DIAPHRAGM, VAGUS, AND PHRENIC NERVES (FIRST SECTION DIAPHRAGM INCISIONS)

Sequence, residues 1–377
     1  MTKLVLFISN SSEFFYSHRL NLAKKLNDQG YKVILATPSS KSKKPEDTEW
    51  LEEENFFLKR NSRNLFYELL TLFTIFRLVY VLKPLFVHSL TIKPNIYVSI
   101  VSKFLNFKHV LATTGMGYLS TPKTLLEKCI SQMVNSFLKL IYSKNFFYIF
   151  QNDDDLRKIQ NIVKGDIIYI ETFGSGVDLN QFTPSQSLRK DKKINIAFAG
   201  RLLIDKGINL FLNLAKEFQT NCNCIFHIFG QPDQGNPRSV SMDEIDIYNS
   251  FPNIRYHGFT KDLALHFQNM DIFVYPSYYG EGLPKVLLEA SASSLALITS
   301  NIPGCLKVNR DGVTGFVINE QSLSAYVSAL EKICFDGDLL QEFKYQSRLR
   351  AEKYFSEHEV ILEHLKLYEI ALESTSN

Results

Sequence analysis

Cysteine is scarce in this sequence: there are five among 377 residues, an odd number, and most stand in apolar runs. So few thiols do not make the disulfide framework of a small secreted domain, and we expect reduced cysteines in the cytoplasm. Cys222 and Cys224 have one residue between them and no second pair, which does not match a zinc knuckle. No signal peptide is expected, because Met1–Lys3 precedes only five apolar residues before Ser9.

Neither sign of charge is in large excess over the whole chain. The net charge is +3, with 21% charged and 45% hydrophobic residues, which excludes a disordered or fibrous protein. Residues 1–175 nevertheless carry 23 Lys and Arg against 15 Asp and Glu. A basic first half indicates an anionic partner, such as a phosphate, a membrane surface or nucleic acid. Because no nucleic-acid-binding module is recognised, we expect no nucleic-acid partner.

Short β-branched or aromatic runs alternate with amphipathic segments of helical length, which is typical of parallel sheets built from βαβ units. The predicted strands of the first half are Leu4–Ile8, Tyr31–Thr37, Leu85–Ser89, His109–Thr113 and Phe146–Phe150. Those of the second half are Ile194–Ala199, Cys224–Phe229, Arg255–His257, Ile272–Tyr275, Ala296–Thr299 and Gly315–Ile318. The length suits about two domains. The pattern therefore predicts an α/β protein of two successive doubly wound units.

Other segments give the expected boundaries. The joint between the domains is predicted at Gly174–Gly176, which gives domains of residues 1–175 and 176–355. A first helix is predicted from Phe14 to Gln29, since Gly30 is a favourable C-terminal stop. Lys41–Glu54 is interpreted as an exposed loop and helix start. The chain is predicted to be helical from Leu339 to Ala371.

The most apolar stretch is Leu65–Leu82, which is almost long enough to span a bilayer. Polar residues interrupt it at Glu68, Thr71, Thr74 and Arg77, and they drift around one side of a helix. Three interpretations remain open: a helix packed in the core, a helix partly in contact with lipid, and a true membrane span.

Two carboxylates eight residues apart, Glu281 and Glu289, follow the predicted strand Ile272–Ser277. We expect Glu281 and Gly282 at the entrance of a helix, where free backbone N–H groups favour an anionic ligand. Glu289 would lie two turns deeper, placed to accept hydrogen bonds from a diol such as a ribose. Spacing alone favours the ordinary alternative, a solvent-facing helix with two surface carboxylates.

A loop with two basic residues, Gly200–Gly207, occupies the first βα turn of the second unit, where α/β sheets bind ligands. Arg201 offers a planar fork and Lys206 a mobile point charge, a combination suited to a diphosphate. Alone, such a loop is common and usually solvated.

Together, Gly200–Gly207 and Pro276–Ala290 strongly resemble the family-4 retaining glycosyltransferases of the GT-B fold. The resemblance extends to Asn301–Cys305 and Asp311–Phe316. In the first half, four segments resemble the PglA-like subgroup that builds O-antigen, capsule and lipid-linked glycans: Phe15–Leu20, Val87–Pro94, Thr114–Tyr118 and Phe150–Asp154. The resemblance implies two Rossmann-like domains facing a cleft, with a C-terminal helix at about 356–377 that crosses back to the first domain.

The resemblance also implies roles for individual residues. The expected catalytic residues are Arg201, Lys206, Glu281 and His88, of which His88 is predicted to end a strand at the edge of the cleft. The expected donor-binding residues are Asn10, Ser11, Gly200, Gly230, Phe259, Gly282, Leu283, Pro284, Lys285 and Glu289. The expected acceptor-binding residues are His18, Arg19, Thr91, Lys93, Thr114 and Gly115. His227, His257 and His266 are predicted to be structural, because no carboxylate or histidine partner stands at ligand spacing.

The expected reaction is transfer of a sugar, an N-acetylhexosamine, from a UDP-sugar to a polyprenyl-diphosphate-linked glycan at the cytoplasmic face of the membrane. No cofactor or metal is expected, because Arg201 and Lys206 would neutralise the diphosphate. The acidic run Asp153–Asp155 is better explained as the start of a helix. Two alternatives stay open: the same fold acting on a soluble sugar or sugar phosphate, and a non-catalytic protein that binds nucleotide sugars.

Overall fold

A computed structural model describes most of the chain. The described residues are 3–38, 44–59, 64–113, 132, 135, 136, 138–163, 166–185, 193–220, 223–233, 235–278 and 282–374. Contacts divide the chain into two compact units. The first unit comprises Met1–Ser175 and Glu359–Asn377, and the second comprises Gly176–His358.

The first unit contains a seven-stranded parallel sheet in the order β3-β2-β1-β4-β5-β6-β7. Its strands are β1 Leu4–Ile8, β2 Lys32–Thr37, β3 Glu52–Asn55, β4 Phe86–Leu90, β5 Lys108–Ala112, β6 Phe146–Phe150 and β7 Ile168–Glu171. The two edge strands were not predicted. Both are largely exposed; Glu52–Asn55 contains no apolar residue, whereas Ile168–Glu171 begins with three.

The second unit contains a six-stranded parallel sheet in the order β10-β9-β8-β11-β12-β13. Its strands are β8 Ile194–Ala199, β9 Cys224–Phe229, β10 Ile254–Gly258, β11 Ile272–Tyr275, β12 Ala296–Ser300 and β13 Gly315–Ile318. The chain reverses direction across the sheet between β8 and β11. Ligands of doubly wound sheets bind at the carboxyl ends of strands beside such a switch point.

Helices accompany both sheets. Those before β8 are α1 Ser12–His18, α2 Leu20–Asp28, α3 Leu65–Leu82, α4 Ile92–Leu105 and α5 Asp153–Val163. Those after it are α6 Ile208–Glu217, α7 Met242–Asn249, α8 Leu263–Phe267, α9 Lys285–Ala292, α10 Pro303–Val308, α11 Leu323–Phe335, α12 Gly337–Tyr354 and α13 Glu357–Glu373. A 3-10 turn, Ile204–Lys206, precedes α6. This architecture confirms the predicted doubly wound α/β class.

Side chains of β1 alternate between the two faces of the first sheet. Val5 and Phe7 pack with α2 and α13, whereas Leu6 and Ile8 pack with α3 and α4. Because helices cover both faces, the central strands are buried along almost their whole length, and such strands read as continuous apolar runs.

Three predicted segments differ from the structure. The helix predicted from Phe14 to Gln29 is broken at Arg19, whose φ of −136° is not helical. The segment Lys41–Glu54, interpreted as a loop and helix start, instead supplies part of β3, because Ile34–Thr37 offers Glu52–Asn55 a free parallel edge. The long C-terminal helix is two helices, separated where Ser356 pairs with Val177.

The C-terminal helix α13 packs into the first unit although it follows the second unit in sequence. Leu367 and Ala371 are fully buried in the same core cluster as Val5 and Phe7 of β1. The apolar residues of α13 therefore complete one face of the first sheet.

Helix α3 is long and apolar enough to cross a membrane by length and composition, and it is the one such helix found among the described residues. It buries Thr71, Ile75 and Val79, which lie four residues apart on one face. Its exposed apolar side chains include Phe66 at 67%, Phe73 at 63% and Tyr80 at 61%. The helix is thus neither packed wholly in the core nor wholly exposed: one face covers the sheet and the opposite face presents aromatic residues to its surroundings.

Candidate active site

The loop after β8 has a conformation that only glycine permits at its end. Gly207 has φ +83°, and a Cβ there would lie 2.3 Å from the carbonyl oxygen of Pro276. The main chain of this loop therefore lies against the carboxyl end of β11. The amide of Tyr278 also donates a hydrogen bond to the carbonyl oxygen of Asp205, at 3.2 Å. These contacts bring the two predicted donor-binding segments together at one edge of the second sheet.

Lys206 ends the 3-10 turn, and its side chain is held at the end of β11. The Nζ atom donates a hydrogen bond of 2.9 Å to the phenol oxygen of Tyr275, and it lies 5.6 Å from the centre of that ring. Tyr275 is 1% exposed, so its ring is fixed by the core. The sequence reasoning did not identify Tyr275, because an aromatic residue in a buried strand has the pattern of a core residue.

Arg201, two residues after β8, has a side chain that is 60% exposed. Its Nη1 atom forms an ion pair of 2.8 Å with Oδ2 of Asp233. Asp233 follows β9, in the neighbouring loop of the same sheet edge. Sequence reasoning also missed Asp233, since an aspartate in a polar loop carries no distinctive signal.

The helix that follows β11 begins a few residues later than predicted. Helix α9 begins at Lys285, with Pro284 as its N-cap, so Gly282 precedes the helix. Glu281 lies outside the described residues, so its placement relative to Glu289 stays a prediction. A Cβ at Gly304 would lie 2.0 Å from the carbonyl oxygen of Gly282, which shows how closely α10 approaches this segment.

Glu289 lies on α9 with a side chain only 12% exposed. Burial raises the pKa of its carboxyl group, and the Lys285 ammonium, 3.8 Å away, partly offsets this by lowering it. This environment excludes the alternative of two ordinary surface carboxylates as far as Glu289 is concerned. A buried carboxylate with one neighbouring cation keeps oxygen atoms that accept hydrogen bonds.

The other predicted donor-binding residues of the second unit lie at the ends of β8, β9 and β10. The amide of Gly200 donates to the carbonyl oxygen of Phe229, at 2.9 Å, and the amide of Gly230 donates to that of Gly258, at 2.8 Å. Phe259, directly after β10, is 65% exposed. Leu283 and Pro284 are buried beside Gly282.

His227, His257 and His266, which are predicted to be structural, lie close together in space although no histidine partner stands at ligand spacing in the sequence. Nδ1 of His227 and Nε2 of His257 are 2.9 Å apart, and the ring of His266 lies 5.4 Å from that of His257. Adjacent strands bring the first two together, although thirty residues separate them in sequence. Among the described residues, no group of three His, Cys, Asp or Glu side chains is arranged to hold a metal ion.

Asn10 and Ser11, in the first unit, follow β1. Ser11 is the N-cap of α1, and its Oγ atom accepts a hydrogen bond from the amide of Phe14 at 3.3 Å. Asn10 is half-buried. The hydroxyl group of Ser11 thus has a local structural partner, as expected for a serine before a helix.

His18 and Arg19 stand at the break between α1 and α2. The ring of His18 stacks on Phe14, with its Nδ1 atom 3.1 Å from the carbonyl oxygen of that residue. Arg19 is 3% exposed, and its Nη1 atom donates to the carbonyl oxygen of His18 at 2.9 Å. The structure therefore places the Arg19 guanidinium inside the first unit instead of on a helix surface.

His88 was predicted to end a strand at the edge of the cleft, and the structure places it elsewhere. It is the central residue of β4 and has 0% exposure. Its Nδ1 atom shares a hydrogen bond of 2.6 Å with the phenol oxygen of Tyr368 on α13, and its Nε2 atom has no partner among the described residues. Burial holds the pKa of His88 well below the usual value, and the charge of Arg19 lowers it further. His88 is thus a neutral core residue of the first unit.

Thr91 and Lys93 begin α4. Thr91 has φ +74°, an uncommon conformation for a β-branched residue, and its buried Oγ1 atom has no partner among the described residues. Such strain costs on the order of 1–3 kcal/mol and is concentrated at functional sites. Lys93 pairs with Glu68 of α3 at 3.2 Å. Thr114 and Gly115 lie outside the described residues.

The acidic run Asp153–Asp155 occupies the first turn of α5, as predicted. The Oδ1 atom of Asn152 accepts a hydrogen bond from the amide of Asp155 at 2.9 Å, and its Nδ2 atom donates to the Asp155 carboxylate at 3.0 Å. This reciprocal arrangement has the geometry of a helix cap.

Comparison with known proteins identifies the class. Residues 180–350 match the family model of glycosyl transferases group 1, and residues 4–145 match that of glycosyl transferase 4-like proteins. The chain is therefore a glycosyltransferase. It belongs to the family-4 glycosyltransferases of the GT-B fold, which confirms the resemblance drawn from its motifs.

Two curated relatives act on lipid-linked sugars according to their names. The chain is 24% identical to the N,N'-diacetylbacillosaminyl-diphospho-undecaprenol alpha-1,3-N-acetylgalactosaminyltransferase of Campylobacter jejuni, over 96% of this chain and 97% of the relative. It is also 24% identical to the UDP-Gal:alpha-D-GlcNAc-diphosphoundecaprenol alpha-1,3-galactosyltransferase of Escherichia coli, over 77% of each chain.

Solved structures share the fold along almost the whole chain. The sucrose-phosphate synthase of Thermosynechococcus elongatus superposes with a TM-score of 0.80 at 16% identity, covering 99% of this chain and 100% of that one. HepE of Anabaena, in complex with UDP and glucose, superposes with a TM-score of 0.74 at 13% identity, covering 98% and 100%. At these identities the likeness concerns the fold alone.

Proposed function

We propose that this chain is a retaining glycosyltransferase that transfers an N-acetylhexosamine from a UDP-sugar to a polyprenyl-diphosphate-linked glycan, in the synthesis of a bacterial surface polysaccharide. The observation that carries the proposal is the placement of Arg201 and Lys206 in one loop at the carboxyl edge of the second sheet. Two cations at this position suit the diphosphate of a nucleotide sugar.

You may choose to perform a pericardial window to start this chapter. If not, skip to Incision (next paragraph). A 6-cm upper midline incision is performed over the xiphoid process. Resection of the xiphoid process will facilitate the procedure. Once the xiphoid has been resected, anterior traction on the sternum will allow dissection of the diaphragmatic surface of the pericardium with electrocautery and blunt dissection. Grasp the pericardium with two Allis or tonsil clamps and, retracting inferiorly, incise the pericardium between the clamps. A rush of pericardial effusion (clear or bloody, depending on the etiology) is expected. Identify an area of the central tendon of the diaphragm, which is contiguous with the pericardium. Using an Allis clamp, grip the diaphragm and make a 2-cm incision to gain access to the pericardial space (Fig. 3.1). A chest tube is then placed through a separate stab incision immediately below the surgical incision and placed into pericardial sac for postoperative drainage. This “pericardial window” is very useful for pericardial effusions such as malignant effusions. A chest tube can be placed through this pericardial window to gain drainage for the effusion causing tamponade. With release of the tamponade fluid, a rather vigorous gush of fluid is generally experienced. Care must be taken not to injure the heart or cardiac vessels.